By the end of the war, in 1859, France obtained Nice and Savoy. Payment was in exchange for Napoleon helping to create a new kingdom of Italy, which was run from Turin by King Victor Emanuel and his prime minister, Count Cavour. The Kingdom of Sardinia in Northern Italy, under Napoleonís tutelage, would lead the way for Italian unification.

Palmerston was not only disturbed about the French stealing a march on the British in Italy – many British Whigs such as Palmerston and Lord John Russell, Palmerstonís foreign minister, had considered themselves patrons of the Italian unification movement – he also railed that Britainís cross-channel rivals were after more territory in Europe. Belgium, a nation carved out of Holland in the 1830s and whose neutrality was guaranteed by Britain among other European powers, was within Napoleonís sights, Palmerston contended with some justification. Various other territories on the Rhine were also the targets of Louie Napoleonís imperial aims, Palmerston claimed.12

Actually, Napoleon was interested in all these territories and his clumsy expansionary moves would eventually lead to his clash with Bismarckís Prussia a decade later. His greater France goals would be confirmed when he wrote a memo indicating that he was interested in swallowing Belgium, a memo skillfully revealed by Bismarck on the eve of the Franco-Prussian War, a war that France had to fight without any allies.13 Palmerston, in the panic of 1859-1860, tried to revive the ghosts of Louis Napoleonís uncle, Napoleon Bonaparte.

But the greatest threat from across the channel, Palmerston said, was Franceís attempt to upset the balance of power, a balance that had been maintained for 45 years by Englandís great fleet. British governments often used the Royal Navy to enforce a Pax Britannia on Europe and much of the rest of the world. However, Palmerston, who had just become prime minister for the second time in 1859, warned that was all changing. Britainís advantages were compromised by technological advances. Franceís new modern ironclad warships were altering the balance of power. Britainís ancient rival could and might invade a helpless nation, whose fleet contained many ships that seemed antiquated. Napoleon wanted revenge for his nation and his family, Palmerston said.14

"At the bottom of his heart," Palmerston said of Napoleon during the war panic of 1859, "there rankles a deep and inextinguishable desire to humble and punish England."15 This was a canard. Napoleon had no intention of clashing with the nation that had been instrumental in ending the career of his uncle. Palmerstonís comments puzzled Napoleon, who was an Anglophile16. Napoleon would end his days as an exile in England after the disastrous Franco-Prussian War.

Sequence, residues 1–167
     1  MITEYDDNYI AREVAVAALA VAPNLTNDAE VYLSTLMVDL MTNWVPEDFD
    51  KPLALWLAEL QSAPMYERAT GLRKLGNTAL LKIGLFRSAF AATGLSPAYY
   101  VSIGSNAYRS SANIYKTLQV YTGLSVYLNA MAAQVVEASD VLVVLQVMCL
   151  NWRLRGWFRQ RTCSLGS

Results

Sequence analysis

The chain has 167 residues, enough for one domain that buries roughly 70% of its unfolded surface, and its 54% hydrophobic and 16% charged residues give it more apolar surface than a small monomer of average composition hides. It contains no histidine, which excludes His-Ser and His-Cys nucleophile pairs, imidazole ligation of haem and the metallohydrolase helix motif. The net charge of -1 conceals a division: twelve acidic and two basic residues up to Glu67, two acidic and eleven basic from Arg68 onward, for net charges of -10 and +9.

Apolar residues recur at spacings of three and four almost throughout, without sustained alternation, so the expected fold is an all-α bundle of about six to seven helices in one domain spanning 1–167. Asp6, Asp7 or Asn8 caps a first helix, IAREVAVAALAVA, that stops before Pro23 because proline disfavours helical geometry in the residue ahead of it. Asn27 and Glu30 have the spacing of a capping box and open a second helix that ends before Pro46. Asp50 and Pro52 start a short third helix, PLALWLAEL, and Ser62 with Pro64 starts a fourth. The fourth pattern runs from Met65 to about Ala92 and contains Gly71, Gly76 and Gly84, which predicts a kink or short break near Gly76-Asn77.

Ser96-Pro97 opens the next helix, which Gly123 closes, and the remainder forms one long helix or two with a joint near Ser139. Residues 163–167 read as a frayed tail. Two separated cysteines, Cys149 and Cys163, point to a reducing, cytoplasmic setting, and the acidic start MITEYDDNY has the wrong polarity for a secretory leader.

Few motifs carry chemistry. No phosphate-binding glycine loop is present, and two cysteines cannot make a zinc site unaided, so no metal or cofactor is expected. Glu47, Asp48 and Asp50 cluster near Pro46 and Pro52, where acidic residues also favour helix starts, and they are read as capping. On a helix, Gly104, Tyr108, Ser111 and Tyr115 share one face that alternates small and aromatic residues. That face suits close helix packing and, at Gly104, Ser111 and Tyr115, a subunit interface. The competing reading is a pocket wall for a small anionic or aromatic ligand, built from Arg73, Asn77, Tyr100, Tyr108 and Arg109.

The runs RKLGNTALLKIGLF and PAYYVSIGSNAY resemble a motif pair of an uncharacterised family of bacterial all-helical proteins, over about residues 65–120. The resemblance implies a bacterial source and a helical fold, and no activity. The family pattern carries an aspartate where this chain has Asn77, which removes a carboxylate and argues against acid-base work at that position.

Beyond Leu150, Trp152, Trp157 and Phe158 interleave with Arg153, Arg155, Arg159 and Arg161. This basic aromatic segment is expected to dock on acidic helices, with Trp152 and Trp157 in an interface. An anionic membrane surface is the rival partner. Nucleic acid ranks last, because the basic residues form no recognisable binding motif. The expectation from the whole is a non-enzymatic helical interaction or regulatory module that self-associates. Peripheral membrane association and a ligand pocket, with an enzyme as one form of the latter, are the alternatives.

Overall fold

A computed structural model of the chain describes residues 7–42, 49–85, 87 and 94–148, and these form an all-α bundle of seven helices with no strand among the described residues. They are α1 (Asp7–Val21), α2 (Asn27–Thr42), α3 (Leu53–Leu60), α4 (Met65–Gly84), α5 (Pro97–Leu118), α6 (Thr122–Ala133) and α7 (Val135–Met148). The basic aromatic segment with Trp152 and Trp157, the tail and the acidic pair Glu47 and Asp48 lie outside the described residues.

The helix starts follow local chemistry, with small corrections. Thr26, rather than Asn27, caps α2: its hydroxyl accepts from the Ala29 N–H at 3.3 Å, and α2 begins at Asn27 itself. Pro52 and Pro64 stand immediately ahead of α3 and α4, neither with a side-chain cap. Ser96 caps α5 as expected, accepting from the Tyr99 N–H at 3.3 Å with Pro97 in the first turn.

Old Pam

By 1859, Palmerston had been the leading statesman of early and mid-Victorian England for a generation. His career went back to junior posts in governments during the latter part of the Napoleonic wars. The war scare of 1859-60 was one of many panics that plagued Britain in the last few decades. Cobden noted that none of them ever proved to be true, although he found that military budgets were swelled by these periodic scares.17

Palmerston had made his reputation as a bellicose leader ready to protect British interests by using gunboat diplomacy and who wasnít particular about asking permission of parliament before he took military action. Palmerston had tried to persuade his great critic Cobden to join his second government, a way of reducing his criticism of British foreign policy. Palmerston used the argument that he could be more effective as part of the government than outside of it. In matters of foreign policy, he told Cobden, the government takes action, then, only after the fact, informs parliament.18 Cobden declined. Although Milner Gibson was named as president of the Board of Trade to represent the Manchester School philosophy in the cabinet.19

Several times foreign minister and twice prime minister, Palmerstonís presence was so important that it could make or unmake governments in Mid-Victorian England. He had helped stir up public hatred of the Russians in the 1850s and later became prime minister during the Crimean War, a war Cobden had called "a crime." This nationalistic Palmerston had gone to the country in the election of 1857 to defend his decision to wage the Opium War. His most famous parliamentary speech had come in the Don Pacifico debate of 1850. In the latter case, he had defended the waging of war against Greece over the contested property claims of one citizen.

Palmerston had plenty of ammunition to stir up Anglo-French tensions. Louis Napoleon, after the war against the Hapsburgs, was making noises about expanding on the Rhine, which would hurt German states that had been Britainís traditional allies. This action would upset Europeís balance of power, Palmerston argued. This was a doctrine in which no one nation should be allowed to become too powerful, a concept that many British statesmen had held it was their nationís duty to uphold. It was under these circumstances that several of Cobdenís friends suggested this was the time to counteract these tensions with a trade treaty.